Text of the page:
The Child Protection Protocol, which is in its final draft, is said to be the solution to the problem of growing crimes against children, which attract low conviction rates.
The Ministry of Local Government and Rural Development (MLGRD) in conjunction with the United Nations Children’s Fund (UNICEF) presented the final draft yesterday.
Speaking at the official launch yesterday, the deputy permanent secretary in the Ministry of Local Government, Halakangwa Mbulai says, “Botswana and its partners continue to observe the incidence of issues that affect children, and on which immediate action needs to be taken”.
“Such issues include orphanhood, increasing incidents of child abuse, exploitation, neglect, juvenile delinquency as well as children who are forced to take up parenting roles, engage in employment to support families as well as survive on the streets,” says Mbulai.
She also stated that the draft Protocol is largely derived from the current challenges related to facilitating access to justice for children.
“In spite of increased volumes of offences against children, we still get very low conviction rates and worse still very few cases reaching trial stage. This may be largely attributed to the unclear process and roles of service providers throughout the child protection continuum,” she explains.
A UNICEF assessment conducted in 2013 dubbed Botswana Youth Risk Behavioural Surveillance Survey on 10- to 19-year-old students indicated that physical and sexual violence was rampant in schools.
The survey also revealed that 12.8 percent of sexually experienced students were forced to have sexual intercourse during the 12 months prior to the survey whilst 13 percent of sexually experienced students had been raped the first time they had sexual intercourse.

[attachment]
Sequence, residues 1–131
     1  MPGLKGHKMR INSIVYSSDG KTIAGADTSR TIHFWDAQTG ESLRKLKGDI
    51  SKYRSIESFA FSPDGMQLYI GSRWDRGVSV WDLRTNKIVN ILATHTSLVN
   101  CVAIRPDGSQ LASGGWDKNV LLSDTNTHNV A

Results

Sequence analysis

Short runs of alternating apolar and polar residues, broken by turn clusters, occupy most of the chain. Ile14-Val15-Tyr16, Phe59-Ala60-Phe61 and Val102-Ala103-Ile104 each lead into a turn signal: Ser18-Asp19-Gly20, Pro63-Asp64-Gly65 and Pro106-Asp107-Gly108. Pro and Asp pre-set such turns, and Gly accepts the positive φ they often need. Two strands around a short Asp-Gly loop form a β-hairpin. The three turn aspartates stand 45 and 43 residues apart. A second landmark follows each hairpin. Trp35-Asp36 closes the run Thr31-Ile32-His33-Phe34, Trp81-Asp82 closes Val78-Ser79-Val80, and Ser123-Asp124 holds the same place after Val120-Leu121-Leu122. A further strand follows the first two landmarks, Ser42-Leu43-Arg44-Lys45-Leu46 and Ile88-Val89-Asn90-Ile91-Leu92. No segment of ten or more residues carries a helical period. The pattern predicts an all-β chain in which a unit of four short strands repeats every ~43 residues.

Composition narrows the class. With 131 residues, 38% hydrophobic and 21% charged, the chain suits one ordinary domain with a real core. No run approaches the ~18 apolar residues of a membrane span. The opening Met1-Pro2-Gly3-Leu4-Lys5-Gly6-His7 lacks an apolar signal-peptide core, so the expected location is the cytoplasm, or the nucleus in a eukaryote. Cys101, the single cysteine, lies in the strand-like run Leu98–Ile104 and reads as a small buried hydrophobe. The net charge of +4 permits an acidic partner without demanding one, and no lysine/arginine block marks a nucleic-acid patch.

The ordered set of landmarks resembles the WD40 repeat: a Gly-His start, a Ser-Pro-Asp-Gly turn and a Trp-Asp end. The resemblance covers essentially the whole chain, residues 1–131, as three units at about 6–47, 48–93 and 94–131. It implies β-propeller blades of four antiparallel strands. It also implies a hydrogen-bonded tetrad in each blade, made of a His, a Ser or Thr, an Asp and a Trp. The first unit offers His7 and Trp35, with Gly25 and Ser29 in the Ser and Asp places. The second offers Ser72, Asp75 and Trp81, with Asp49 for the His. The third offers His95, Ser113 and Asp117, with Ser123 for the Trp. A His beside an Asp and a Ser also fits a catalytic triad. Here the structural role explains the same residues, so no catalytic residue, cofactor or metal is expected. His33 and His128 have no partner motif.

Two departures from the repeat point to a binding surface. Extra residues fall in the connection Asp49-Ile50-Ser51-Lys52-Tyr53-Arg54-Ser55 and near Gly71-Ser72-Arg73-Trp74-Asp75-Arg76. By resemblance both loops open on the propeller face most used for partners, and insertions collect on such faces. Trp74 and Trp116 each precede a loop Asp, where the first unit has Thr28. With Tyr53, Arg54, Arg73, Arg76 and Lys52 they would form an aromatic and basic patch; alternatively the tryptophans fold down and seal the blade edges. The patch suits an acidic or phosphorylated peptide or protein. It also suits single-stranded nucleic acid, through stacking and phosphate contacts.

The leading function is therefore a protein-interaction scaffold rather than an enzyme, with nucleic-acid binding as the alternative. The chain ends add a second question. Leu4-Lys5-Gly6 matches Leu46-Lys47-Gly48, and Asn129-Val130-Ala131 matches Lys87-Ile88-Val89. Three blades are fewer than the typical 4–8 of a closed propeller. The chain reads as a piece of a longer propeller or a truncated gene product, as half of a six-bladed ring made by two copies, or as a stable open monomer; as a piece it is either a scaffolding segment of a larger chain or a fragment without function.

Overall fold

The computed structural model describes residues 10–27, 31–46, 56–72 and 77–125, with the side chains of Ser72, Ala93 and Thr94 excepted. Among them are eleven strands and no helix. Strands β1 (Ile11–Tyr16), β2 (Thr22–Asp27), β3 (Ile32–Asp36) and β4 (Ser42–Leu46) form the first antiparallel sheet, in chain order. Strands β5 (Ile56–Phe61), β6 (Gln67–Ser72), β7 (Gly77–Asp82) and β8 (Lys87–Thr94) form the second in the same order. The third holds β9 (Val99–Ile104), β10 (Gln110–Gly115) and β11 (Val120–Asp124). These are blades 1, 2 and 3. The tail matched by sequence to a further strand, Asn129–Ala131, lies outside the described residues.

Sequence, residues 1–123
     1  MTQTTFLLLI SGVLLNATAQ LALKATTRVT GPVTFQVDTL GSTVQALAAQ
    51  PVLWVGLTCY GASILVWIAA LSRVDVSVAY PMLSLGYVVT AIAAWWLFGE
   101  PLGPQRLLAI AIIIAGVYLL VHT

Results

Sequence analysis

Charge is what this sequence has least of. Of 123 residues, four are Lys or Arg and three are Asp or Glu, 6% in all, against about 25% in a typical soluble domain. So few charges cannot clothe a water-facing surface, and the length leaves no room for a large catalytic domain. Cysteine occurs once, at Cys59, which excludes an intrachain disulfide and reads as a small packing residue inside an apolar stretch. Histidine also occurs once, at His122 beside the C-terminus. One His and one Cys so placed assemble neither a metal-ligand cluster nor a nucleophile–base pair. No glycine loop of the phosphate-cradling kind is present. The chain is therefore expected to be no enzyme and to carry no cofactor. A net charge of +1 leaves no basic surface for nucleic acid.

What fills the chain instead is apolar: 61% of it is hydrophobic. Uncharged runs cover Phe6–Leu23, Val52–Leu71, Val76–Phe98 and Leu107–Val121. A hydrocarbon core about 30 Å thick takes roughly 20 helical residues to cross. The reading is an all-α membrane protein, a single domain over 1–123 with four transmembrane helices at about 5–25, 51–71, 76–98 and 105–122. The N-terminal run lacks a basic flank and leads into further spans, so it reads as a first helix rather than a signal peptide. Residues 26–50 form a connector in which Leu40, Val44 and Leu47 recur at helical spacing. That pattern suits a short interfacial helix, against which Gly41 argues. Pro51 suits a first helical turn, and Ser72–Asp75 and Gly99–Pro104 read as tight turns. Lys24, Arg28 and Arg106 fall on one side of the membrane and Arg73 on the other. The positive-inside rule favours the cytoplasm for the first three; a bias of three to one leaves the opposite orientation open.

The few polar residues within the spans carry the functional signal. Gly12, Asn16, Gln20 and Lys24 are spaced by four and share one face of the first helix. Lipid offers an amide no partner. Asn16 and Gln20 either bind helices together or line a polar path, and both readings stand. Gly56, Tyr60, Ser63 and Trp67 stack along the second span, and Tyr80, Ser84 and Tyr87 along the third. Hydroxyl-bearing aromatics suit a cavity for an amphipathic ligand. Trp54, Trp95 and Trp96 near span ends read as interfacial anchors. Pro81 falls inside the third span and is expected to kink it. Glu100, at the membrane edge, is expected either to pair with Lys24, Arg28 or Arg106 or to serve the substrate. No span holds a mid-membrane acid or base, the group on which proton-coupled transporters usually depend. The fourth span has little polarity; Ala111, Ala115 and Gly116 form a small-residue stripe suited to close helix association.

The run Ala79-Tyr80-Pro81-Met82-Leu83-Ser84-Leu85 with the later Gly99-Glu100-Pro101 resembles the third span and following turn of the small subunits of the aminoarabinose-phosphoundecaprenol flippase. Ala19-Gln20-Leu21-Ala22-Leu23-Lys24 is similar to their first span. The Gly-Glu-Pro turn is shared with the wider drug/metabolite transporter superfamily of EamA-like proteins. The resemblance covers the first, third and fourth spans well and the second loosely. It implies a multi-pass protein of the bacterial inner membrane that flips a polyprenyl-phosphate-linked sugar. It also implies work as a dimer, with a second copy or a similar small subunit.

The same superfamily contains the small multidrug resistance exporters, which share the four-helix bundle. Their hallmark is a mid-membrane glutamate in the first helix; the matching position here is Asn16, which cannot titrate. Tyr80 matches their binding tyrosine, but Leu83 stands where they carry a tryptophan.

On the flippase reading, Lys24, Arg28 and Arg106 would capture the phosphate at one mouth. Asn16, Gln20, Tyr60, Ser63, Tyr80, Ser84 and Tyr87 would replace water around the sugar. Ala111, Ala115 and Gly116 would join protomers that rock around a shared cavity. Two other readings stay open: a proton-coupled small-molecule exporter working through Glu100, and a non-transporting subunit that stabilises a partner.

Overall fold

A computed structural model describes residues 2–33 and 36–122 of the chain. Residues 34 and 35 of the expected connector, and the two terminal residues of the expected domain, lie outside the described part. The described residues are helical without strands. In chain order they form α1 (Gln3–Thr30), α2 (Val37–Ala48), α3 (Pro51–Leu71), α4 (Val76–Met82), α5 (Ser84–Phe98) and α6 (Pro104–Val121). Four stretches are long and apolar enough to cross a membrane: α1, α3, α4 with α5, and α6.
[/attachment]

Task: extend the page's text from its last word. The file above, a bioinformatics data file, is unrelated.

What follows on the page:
Child protection specialist, Ben Semommung said, “40 percent of students were reported to have been picked on or bullied during the 30 days prior to the survey, whilst 25.1 percent of students were threatened or injured with a weapon”.
The draft also addresses issues ranging from interviewing a child in a case of sexual or physical abuse, discipline that violates the child’s dignity, actions of social worker upon receipt of allegations to when the child does and does not need protection.
“A child protection service or provider or agency must intervene to protect a child who might actually suffer cruel or inconsiderable discipline, harmful discipline is correcting or disciplining a child in a cruel or inconsiderable way not matching the child’s age or condition or that whose purpose the child does not understand,” reads the draft.
The Protocol will also challenge the issue of child negligence. It states, “Child negligence is failure to provide the child or young person with an adequate standard of nutrition, medical care, clothing shelter or supervision to the extent where the health development of the child is significantly impaired or placed under serious risk”.
It (Protocol) aims to define respective roles and responsibilities for child protection in Botswana so that all children in the country are protected.